On 29th June 2020, the U.S. Department of State declared that it will end exports of U.S.-origin defense equipment and "will take steps" towards normalizing treatment of Hong Kong and China in regards to U.S. defense and dual-use technologies (affecting Export Administration Regulations (EAR) and the Commerce Control List (CCL)). The U.S. Department of Commerce added that the new security measures China has imposed on Hong Kong increase the risk of U.S. technology being diverted to the People’s Liberation Army or to the Ministry of State Security in China. Therefore, the Commerce Department regulations that give preferential treatment to Hong Kong over China are suspended, including the availability of “export licenses to Hong Kong, reexports to Hong Kong, and transfers (in-country) within Hong Kong of items subject to the EAR.” Follow this link for the Suspension of License Exceptions for Hong Kong from the Commerce Department.
Additionally, on 2nd July 2020, the U.S. House of Representatives passed the Hong Kong Autonomy Act, which was approved in the Senate on 25th June 2020. The bill authorizes sanctions on foreign individuals and entities “that materially contribute to China's failure to preserve Hong Kong's autonomy.”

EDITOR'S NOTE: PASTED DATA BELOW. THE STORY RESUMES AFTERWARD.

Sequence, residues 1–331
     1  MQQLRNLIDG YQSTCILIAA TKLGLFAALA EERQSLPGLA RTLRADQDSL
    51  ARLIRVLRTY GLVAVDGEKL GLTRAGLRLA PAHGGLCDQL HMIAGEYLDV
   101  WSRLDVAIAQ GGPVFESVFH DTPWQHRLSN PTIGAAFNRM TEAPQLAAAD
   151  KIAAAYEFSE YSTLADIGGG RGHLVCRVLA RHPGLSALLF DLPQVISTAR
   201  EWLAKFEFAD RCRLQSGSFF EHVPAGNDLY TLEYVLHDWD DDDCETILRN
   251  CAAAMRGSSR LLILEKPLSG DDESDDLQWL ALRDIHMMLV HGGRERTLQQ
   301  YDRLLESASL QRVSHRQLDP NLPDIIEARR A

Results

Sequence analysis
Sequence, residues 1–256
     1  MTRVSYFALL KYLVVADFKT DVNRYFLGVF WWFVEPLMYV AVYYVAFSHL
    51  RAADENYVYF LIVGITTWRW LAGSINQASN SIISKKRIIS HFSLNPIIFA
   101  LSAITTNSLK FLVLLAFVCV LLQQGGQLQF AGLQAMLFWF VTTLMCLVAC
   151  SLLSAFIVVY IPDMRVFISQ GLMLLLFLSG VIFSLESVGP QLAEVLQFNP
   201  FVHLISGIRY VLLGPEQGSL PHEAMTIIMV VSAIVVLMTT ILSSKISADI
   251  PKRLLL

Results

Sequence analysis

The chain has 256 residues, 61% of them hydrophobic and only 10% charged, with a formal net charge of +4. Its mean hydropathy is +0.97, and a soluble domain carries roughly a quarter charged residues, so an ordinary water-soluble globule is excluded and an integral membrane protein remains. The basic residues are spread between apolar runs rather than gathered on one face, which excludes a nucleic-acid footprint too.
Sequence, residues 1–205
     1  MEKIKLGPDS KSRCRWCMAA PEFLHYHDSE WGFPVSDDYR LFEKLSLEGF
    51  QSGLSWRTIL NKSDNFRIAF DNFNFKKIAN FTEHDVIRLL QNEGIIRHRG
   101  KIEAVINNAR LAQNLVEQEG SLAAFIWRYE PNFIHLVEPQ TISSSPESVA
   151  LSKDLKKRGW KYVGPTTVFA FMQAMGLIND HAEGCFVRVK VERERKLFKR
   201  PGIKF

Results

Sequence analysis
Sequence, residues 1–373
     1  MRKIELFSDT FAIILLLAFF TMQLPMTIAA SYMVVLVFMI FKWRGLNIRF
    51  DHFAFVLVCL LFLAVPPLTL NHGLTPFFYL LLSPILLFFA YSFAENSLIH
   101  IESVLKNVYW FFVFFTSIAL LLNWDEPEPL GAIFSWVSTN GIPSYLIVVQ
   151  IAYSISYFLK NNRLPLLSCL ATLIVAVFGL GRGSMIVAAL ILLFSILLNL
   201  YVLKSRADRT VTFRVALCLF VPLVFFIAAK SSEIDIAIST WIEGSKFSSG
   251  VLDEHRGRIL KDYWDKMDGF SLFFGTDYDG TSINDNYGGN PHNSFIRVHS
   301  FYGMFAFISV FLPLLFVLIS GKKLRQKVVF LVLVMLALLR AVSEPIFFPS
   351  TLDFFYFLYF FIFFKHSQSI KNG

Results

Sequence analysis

Furthermore, on 1st July 2020, the U.S. Departments of State, Treasury, Commerce, and Homeland Security issued an advisory to businesses with “potential exposure” in their supply chain to the Xinjiang Uyghur Autonomous Region (Xinjiang) or facilities outside the region that use labor or goods from Xinjiang. The advisory warns of reputational, economic, and legal risks of involvement with entities engaged in human rights abuses in Xinjiang.
As always, the data reflecting these changes are available via PST.AG's data feed notification to our customers.